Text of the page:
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Democratic consolidation in Timor-Leste: achievements, problems and prospects
journal contributionposted on 2014-01-01, 00:00 authored by Damien KingsburyDamien Kingsbury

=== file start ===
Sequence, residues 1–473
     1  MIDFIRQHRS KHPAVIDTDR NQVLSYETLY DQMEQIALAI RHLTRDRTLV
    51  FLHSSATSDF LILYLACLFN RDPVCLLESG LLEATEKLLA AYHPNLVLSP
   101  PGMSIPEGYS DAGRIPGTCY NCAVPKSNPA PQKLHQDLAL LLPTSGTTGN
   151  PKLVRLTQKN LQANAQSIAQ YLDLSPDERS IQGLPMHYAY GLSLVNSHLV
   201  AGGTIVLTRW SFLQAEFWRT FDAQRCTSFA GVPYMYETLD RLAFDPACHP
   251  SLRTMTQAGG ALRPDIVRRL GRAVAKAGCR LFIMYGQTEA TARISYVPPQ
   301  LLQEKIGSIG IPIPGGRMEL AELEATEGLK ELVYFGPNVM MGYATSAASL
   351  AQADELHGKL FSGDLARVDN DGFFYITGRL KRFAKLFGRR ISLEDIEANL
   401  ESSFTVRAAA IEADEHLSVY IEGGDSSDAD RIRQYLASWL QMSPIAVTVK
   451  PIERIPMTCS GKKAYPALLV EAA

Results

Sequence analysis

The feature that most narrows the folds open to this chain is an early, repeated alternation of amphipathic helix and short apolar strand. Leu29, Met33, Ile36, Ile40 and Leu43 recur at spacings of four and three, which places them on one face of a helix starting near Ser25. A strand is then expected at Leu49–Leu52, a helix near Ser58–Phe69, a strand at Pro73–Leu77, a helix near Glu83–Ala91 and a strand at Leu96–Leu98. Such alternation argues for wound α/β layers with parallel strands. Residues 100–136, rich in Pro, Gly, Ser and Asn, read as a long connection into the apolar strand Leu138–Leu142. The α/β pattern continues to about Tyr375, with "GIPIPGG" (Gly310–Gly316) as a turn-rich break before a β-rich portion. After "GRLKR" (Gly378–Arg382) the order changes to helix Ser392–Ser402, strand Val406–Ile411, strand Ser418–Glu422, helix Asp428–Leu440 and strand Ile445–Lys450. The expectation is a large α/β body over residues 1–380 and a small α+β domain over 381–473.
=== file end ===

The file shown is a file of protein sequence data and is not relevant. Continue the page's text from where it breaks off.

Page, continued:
Timor-Leste has had three rounds of major elections, all of which have been widely regarded as meeting international criteria for being free and fair. There has also been one change of government on the basis of these elections. On these grounds, some observers have suggested that Timor-Leste has met the benchmark for having consolidated its democracy. Timor-Leste can be said to meet the criteria for an expanded minimalist definition of democracy, holding regular, free and fair elections within an open competitive political environment, with relatively little violence and intimidation and general freedom of expression. This political process has, as defined by the literature, also consolidated. However, Timor-Leste continues to face future economic challenges. The literature indicates that states with high levels of poverty, unemployment and with food shortages are more prone to political instability. Given that Timor-Leste's political party system relies heavily on charismatic individuals and, apart from Fretilin, has poor party structures, loss of current political leaders will add a further destabilising effect. Expected economic problems are likely to manifest around the same time that the current generation of political leaders are no longer active. The question will be, in this increasingly challenging environment, whether Timor-Leste can sustain its democracy.